I’ve been entertaining Albert Einstein’s statement about insanity recently, and have been forced to acknowledge that I need to change some things that I have been doing that are clearly not going to bring a different result.
Insanity: doing the same thing over and over again and expecting a different result.
So having figured that out (see this blog post) my brain turned to the Theory of Relativity. I started poking around to try to figure out what Einstein posited, and why my space-time or time-space continuum seems to be always off. I am
not sure I do not understand the physics or the statement of the Theory of Relativity by Einstein. But this is what I was thinking about.
there is no “absolute” frame of reference. Every time you measure an object’s velocity, or its momentum, or how it experiences time, it’s always in relation to something else. Second, the speed of light is the same no matter who measures it or how fast the person measuring it is going. Third, nothing can go faster than light.
[Twisted Physics: 7 Mind-Blowing Findings]
To which I can only respond “eep?!” Here’s a relatively understandable article.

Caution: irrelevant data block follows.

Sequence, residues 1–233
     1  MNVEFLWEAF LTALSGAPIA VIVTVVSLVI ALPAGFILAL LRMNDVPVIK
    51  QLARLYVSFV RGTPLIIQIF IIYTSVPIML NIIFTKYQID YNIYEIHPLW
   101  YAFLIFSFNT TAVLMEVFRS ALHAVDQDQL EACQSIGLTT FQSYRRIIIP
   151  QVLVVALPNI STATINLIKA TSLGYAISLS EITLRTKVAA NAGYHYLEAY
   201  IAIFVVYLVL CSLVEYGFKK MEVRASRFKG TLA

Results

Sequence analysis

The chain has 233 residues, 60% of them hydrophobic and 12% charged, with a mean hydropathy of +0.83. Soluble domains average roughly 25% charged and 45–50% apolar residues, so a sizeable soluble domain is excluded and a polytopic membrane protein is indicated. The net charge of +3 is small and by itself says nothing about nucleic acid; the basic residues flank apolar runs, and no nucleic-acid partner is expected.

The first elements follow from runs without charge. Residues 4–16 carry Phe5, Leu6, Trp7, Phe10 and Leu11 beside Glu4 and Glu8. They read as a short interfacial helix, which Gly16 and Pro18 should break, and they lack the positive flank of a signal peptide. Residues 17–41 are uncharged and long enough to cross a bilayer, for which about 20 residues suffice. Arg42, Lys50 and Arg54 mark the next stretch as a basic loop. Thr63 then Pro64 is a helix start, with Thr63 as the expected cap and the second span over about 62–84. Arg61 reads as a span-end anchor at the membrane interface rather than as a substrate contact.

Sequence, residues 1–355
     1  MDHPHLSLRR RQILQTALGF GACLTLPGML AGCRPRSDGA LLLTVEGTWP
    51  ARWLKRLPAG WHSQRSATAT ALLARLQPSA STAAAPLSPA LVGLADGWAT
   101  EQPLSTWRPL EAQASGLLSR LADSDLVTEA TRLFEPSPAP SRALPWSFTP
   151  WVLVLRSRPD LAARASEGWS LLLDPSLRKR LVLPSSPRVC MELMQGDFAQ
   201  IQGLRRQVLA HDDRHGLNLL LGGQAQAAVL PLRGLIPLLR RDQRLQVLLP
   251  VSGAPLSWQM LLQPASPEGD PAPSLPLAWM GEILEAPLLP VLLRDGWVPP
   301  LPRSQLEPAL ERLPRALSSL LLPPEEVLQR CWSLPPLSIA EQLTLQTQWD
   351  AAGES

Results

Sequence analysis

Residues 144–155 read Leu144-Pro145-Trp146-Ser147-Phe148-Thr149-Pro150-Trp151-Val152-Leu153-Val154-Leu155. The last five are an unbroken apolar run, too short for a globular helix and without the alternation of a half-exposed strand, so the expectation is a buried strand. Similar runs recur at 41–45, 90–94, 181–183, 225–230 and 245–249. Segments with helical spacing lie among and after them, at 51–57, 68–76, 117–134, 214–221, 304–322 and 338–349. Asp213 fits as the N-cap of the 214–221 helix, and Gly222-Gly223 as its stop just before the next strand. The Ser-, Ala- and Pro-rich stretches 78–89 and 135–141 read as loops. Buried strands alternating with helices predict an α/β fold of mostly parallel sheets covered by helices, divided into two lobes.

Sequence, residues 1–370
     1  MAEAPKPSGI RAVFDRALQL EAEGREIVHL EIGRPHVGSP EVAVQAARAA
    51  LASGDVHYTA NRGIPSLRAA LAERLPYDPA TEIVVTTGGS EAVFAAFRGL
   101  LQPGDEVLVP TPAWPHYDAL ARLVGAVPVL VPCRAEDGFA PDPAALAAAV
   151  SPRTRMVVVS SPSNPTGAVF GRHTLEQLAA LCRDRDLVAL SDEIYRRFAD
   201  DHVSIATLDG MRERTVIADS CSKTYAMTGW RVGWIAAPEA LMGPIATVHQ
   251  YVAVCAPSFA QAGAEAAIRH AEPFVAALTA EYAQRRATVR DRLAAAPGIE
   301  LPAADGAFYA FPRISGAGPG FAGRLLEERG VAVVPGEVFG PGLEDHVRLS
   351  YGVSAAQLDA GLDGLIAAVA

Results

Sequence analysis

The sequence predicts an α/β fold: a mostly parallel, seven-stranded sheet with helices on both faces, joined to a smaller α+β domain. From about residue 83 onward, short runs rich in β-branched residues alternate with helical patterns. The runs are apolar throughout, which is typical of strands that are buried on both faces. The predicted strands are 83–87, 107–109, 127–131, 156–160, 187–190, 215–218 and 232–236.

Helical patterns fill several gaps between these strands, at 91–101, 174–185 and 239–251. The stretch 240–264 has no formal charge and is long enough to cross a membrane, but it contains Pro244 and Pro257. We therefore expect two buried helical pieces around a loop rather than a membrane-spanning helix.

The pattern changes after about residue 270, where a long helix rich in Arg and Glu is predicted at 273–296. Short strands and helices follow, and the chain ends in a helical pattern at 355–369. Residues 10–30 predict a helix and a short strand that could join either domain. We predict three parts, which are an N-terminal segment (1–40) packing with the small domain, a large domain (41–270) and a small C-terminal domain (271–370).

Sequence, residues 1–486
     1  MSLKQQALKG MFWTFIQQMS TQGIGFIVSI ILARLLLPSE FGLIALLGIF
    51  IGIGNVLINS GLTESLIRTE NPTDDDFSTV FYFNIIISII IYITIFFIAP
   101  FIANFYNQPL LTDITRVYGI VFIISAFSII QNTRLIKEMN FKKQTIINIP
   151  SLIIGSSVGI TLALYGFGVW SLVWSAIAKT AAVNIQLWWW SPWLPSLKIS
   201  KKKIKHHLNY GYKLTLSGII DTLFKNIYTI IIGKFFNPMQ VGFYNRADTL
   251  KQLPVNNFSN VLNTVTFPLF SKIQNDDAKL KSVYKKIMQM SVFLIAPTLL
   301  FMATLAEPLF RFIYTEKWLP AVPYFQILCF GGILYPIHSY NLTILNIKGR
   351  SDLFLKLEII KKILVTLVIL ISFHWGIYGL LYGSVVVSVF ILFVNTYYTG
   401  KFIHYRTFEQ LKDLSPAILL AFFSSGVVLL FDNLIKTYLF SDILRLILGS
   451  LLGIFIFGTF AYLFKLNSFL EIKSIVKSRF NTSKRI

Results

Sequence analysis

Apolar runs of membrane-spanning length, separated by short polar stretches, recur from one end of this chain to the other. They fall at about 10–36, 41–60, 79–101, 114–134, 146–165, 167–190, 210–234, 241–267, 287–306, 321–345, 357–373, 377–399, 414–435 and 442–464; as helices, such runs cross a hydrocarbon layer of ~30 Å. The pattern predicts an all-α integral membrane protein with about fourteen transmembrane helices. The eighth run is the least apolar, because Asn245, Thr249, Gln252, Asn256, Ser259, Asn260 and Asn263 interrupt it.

What I was thinking about was this:
- Time: Early in the day there is infinite time, which seems to compress as the day passes. Example: Early in the day I seem to have infinite time (and anything is possible), which seems to compress as the day passes, but the compression does not allow me to get more things done, and in fact, seems to never be enough to do what seemed possible in the morning.
- Space: There is always more space in concept than there actually is, or if there is extra space, it is inconceivable how to use it. Example: Measure twice, check, and recheck, and yet I never seem to have space that actually matches what I need or want to store. I might have extra space in one closet, but a dearth of space in another, but it makes no sense to the overflow from one in the other.
- Stuff: It occupies far less space before it is acquired than it does after the acquisition. Example: It is like when we bought a TV that took up X amount of space in the store, and when it was wheeled out to the car, had grown exponentially because of the packaging and could not fit in the car. Placed on a piece of furniture (carefully measured for fit) at home, it consumes air space as if it was a hungry teenager.
We have these things which we cannot somehow fit into the time-space or space-time continuum we exist in. We continue to ignore these things as if they will somehow change, but that thing is too large to fit in our space, those projects will take more time to make than we estimate, and that those realities can be ignored, but reality will not change.
This is why I created Bust Your Stash with Jill Wolcott Knits®. You may join me for 10 months of sorting out your stash and creating space in your knitting life and storage area. I will be devoting a good portion my space-time to this program, so it is a subscription program. I am excited and know it will be worth our time.